Merits of Cow’s Milk

Milk is a complete diet providing strength, complexion and nourishment to all seven dhatus as it exhibits properties of ojas.

Published: 03rd August 2014 06:00 AM  |   Last Updated: 02nd August 2014 02:36 PM   |  A+A-


Milk has been called as amrit in the ancient texts. Charak Samhita reveals that milk increases vitality (ojas) in man. Dhanvantari states that cow’s milk is a desirable and preferred diet in all types of ailments. According to Atharva Veda, the cow, through its milk, transforms a weak and sick person into an energetic person, provides vitality to those without it and by doing so, makes the family prosperous and respectable in the civilised society. Milk is considered as a complete diet providing strength, complexion and nourishment to all seven dhatus as it exhibits properties of ojas, which is the essence of all the dhatus.

Traditionally, after boiling, milk is transferred repeatedly from one container to the other till it foams. This process releases vayu (vata), which makes it easier to digest. Of all the varieties of milk, cow’s milk is considered the best. From milk we derive butter, curd, cheese and ghee, all of which are highly nourishing and important part of our diets. It was said of kingdoms that were prosperous, that rivers of milk flow there, and kingdoms that met their downfall, rivers of blood flow there. Today in our country, there is little milk. A sign of growth or fall?

Ghrit or ghee is called as the ahar or source of nourishment of devas. It is this food that endows the devas with their attributes.  There is a story in Shiv Purana which details the effect of change in diet of devas and asurs. Once the mighty Tarakasura cut off the supply of nourishment to devas by forcing the humans to make offerings to him rather than Indra, while performing havans. In the absence of the nourishing oblations of ghee from the humans, devas started losing health. Miserable, they approached Lord Vishnu for intervention. Lord Vishnu just smiled and said, ‘Lets see what happens next.’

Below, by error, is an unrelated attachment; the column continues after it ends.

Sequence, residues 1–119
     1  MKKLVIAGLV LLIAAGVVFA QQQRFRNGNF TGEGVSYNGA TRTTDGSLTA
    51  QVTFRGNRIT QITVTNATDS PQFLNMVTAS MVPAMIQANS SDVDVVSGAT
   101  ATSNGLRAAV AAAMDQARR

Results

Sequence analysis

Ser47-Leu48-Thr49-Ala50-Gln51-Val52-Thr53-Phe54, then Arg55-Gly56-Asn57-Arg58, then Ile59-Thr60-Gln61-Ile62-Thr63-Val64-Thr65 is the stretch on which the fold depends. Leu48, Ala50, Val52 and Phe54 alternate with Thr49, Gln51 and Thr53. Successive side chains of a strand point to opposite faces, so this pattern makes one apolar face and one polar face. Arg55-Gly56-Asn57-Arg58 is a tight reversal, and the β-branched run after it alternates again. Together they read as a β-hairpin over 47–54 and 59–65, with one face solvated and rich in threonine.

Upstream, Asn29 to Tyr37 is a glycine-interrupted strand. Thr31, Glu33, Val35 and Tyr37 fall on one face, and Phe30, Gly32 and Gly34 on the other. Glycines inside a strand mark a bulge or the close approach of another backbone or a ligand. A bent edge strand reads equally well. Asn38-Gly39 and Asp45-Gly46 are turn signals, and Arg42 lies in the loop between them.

There were two men who continued to make offerings to Indra, despite the orders of Tarakasura. Furious, Tarakasura demanded his sons to kill the offenders. The sons, having been put on the diet of devas, felt compassionate towards the innocent people and disregarding the orders of their father, let them live. The sons also took to the path of penance. The asurs, whose basic nature is destruction, having received the subtler prana from the diet of ghee, developed the subtler qualities of compassion and mercy. Such is the impact of your food.

Today the ghee available in the market is smeared with cow fat. Fat from abdominal cavity and other parts of dead animals is used in the manufacturing of desi ghee by popular brands. So many cows and buffaloes that are put to death everyday eventually find their way into our food. Synthetic milk made out of chemicals such as urea  and detergent is readily available for consumption at local shops. While Tarakasur put asurs on the diet of devas, men of today are putting devas and humans on the diet of barbarians. The result is evident in the form of ever-increasing crime rate, pain and suffering. The levels of pollution are unparalleled in history. There is adulteration in everything we eat, drink and breathe.

Cow is an evolved being with a high level of consciousness. It has been revered across all faiths and cultures. In Mahabharata, the great Sage Chyawan, in a barter deal with King Nahush, puts his worth as equivalent to a cow, indicating how evolved a being it is. Eating it is as good as eating a human. The act has strong karmic repercussions. Vedas say that the disease in society is directly proportional to the slaughter of cows. The variety of diseases that are coming up these days and the kind of abnormalities that are found in offsprings are enough proof of the statement.

Yogi Ashwini is the spiritual head of Dhyan Ashram.

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